Saturday, April 01, 2006

The Down-Side of Wikipedia and Other Online Sources

As I was typing my last post yesterday, I was looking for an accurate, relatively brief description of Howard Gardner's theory of multiple intelligences. I first checked Wikipedia and searched for "multiple intelligence," and the entry that is online gives a very brief, sketchy rundown of the main ideas, but most of the post was spent blasting away at Gardner. More and more I and my students have found entries on this public-built encyclopedia that are perhaps questionable (most are fine, though). This is a problem when information, often of a technical nature that one would prefer to find written up by an expert in a formal, peer-reviewed medium, can be entered by just about anyone. I have to be careful to warn students to not blindly accept information found on Wikipedia and the Internet as a whole. If one wants to use a source that has not gone through peer review or is not supported by known experts in the field, or is written up in what is supposed to be a neutral forum of knowledge but clearly has a personal bias built into it (as is the case with the multiple intelligence example), then readers need to be able to make the distinction between what is valid information and what is questionable information. This is a difficult decision to make if you are a nonexpert, which of course is normally the case of the users of Wikipedia and similar online sources of information (it is unlikely experts would be looking up the information in the first place). This is a growing problem educators and researchers will need to address in this age of massive amounts of information: How legitimate is the information being used by today's students, since there is a rapidly increasing number of questionable and downright faulty sources that are being used?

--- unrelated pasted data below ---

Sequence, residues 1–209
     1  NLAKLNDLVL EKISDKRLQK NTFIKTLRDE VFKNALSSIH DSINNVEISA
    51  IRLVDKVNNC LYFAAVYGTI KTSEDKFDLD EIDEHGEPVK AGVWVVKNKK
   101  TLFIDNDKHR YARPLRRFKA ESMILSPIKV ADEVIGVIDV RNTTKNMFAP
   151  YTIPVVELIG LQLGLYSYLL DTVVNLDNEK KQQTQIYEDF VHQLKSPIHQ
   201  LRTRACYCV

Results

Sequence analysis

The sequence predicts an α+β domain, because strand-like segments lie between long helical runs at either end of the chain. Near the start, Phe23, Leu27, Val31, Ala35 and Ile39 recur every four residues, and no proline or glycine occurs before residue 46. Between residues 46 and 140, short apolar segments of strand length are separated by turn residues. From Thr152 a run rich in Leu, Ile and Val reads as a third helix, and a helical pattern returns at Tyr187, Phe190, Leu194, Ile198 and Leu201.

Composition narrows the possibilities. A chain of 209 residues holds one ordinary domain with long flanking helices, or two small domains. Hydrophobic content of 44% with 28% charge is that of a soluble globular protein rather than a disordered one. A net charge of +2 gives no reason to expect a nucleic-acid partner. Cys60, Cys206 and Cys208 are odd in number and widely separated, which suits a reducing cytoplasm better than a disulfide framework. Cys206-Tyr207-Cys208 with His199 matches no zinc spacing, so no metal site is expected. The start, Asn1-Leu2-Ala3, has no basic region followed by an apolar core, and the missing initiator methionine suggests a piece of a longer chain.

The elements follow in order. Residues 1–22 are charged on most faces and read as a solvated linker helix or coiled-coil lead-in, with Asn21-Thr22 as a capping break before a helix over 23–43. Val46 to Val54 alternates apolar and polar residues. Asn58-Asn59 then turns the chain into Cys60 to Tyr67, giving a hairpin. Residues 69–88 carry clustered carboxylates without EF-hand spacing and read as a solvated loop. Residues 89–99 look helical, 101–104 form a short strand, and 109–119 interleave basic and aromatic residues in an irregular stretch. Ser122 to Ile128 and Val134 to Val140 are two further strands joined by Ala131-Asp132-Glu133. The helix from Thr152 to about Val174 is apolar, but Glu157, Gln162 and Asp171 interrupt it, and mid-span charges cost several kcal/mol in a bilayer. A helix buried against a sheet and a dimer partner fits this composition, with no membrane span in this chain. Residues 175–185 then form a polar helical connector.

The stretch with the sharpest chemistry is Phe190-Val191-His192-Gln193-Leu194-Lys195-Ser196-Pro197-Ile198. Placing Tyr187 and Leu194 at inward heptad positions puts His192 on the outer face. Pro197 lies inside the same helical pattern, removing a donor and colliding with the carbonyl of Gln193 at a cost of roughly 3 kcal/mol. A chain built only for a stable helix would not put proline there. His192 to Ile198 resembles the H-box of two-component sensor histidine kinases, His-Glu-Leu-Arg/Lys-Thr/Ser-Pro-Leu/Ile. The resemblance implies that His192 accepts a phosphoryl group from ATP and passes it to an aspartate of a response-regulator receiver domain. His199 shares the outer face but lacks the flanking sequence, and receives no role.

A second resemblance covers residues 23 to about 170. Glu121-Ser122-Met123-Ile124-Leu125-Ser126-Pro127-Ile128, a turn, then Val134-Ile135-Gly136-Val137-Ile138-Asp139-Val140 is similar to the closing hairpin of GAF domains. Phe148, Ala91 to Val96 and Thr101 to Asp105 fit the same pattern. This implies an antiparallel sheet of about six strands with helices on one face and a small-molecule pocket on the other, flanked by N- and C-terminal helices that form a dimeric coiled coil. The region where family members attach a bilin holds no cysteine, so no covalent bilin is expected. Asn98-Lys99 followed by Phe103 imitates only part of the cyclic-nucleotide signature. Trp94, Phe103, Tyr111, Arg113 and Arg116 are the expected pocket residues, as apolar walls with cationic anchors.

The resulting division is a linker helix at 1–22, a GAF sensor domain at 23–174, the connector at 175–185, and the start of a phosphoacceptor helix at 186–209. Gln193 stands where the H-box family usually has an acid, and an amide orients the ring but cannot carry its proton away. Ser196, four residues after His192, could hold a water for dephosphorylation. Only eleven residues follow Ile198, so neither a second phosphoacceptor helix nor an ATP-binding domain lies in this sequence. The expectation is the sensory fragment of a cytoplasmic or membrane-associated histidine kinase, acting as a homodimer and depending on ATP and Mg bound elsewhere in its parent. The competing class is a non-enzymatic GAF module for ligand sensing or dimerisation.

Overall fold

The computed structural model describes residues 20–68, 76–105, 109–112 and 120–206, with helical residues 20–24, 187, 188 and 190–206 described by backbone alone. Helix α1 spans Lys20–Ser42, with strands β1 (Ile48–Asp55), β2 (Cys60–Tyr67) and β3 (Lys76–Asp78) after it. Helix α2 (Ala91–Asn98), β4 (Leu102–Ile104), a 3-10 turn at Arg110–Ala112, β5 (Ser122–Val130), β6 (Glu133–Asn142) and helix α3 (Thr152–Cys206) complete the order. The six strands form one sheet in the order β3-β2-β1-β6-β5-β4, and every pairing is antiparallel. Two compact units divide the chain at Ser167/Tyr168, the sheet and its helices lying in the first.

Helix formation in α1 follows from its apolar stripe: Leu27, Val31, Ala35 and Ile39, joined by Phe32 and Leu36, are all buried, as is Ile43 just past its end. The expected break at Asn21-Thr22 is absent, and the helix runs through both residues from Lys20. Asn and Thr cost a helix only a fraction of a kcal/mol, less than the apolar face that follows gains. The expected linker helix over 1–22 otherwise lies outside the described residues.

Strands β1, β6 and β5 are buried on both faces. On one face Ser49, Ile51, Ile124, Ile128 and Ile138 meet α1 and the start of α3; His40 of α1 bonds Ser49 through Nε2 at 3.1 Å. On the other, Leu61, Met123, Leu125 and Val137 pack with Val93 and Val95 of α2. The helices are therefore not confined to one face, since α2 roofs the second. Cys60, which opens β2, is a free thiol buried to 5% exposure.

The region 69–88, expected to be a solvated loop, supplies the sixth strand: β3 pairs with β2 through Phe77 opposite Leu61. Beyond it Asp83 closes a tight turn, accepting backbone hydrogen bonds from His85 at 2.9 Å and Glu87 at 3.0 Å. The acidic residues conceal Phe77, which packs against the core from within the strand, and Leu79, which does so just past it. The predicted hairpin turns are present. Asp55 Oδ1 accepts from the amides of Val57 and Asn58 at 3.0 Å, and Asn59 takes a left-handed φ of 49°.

I need to mention, to their credit, Wikipedia does allow online edits and rebuttals to entries, and this particular entry for multiple intelligences is tagged as one whose "neutrality" is "disputed."


mark said...

Hey Von,

With open-source references like wiki, the quality tends to be a longitudinal phenomena -getting much better over time. It is annoying when wingnuts highjack an entry and engage in a " war of editing".

One of the wiki ppl contacted me once because a corporation ( Nationmaster) was screwing around with an entry I was connected to slightly.

Naturally I had to make my own " adjustments" ;o)

vonny said...

Hi Mark,

And, depending on the interest level of the topic the time dependence for corrections and massaging will likely vary by vastly different time constants. I do have worries when it comes to students, who often believe if it is on the web, it must be true. That can be a tough frame of mind to conquer, depending on the person, as I know you have much experience with as well. And open source is one of the foundations of 'web 2' planning and formatting. IMO, I expect it to get worse (for students) before it gets better.

Hope you had a relaxing break!